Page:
Foot Care for Diabetic Peripheral Neuropathy

For individuals with diabetes, a sore on the foot, bug bite or blister could lead to a difficult infection or skin ulcer that could result in an amputation. Risks for foot ulcers increase 25% over an individual’s lifetime. Diabetic peripheral neuropathy compounds the severity of sores and skin ulcers through high blood sugar and poor circulation, which hampers the body’s ability to heal rapidly.

Additionally, diabetic peripheral neuropathy interferes with protective skin sensations that could warn you of potential injury. Fortunately, there are ways to protect your feet, signs that medical attention may be required, and care tips.

Have you been diagnosed with peripheral neuropathy? We can help.

Doctor examines patient's foot.

How to protect your feet and toes

When it comes to foot care, the best offense is a good defense. Taking proper steps to protect your feet can help you avoid developing sores and skin ulcers. Here are a few proactive steps you can take to protect your feet and toes.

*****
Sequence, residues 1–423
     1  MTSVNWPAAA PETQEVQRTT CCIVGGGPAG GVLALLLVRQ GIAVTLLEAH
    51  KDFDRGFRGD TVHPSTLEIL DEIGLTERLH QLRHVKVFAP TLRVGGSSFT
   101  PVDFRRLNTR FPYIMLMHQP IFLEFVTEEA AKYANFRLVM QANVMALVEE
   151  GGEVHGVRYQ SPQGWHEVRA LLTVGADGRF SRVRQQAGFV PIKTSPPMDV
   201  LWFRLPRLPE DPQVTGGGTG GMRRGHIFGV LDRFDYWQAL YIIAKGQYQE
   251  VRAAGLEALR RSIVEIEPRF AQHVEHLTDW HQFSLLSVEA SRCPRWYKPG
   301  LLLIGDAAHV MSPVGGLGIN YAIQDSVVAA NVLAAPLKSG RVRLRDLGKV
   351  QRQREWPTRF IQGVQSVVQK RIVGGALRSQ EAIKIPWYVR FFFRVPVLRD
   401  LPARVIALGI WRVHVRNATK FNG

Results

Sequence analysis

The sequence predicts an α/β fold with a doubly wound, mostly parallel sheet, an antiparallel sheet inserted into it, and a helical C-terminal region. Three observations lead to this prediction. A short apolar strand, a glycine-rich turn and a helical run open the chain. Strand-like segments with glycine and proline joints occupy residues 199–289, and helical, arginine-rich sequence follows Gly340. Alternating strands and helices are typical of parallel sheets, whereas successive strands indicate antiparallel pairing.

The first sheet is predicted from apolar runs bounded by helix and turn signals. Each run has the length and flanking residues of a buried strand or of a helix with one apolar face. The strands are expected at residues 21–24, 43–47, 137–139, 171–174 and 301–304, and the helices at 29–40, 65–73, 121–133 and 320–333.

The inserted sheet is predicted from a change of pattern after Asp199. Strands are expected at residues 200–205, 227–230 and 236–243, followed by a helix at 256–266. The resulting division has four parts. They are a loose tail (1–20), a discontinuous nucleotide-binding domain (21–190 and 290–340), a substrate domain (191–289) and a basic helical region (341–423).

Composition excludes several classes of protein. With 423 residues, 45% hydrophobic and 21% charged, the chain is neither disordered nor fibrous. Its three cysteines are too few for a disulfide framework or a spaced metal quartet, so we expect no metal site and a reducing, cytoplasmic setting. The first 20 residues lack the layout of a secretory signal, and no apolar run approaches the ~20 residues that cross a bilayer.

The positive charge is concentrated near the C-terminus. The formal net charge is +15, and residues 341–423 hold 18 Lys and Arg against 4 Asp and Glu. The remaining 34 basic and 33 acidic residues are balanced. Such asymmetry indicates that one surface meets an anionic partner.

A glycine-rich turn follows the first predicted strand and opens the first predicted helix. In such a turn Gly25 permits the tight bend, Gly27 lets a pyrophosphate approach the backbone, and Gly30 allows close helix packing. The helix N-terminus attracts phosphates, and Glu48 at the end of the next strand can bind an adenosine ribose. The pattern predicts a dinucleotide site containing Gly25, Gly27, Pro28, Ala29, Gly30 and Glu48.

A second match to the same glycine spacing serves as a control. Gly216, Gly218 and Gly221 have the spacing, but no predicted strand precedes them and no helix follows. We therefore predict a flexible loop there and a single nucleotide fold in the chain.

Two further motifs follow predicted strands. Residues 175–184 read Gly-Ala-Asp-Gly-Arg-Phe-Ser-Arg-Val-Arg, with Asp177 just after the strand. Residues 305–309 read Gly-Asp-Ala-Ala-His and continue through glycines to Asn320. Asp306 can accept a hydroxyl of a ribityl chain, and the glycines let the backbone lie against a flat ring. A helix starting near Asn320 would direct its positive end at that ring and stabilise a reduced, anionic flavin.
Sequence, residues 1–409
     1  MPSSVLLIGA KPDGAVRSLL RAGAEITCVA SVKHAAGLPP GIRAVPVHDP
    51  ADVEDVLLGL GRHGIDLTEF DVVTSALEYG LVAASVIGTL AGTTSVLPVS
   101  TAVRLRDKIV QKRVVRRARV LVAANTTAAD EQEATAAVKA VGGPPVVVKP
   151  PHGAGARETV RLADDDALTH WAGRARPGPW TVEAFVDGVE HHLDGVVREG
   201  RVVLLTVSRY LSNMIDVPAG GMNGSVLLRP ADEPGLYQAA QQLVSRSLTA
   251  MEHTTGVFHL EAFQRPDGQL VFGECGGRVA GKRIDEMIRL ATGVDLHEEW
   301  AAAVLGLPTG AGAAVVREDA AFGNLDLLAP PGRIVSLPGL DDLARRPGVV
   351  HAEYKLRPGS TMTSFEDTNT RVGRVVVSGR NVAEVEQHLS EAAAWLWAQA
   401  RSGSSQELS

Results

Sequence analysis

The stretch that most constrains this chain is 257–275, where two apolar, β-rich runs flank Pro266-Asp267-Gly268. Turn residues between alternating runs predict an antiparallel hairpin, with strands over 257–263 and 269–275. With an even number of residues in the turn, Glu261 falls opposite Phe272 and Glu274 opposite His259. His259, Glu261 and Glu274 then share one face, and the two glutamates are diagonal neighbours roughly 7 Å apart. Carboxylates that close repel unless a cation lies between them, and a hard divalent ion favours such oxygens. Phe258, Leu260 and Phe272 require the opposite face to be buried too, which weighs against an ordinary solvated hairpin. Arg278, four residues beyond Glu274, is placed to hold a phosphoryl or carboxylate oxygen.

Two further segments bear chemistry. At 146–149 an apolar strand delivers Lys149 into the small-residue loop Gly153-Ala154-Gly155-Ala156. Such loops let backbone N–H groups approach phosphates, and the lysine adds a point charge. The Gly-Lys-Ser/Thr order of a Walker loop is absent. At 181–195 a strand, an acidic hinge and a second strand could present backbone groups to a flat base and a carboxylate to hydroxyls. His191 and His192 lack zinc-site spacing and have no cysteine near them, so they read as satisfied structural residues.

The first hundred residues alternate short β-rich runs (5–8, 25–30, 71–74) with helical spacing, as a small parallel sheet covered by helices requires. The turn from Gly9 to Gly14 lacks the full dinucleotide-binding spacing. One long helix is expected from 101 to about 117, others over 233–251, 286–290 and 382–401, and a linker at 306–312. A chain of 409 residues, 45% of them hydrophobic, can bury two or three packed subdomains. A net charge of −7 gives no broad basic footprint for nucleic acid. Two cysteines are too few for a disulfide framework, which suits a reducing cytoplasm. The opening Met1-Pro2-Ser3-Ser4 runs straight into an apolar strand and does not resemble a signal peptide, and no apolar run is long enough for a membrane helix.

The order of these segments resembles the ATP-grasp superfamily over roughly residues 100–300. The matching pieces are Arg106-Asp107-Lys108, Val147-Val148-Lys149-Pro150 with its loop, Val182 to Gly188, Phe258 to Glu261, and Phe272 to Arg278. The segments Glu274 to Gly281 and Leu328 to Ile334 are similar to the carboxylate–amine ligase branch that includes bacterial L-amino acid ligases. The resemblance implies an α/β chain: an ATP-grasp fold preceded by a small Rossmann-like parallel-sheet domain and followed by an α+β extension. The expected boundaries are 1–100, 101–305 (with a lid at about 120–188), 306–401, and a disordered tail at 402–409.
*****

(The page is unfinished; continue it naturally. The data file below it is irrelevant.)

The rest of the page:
Daily foot checks

Conducting detailed daily checks of your feet and toes can help catch injuries early and prevent infection. In a sitting position, remove your shoes and socks. Examine the top, bottom and between toes on both feet.

Here are some concerns to look out for:

  • Changes in temperature (hot or cold) or color (pale, green or blue)
  • Dry or cracking skin
  • Rashes
  • Athlete’s foot
  • Blisters, sores or cuts
  • Ingrown toenails or spots where shoes have rubbed the skin
  • Calluses and corns

Daily checks are necessary, even in the absence of pain or discomfort. Because of diabetic neuropathy, pain may not be present until there is already an infection.

Caring for your feet and toenails

Taking proper daily care of your feet and toenails will help reduce the risks of sores, ulcers and other potentially damaging symptoms.

Here are a few ways you can care for your feet and toenails:

  • Wash feet and toes in lukewarm water. Hot water is discouraged because it increases the potential for burns. Use your hand or forearm to check the water temperature.
  • Thoroughly dry your feet, being sure to get in between the toes, with a plush, soft towel.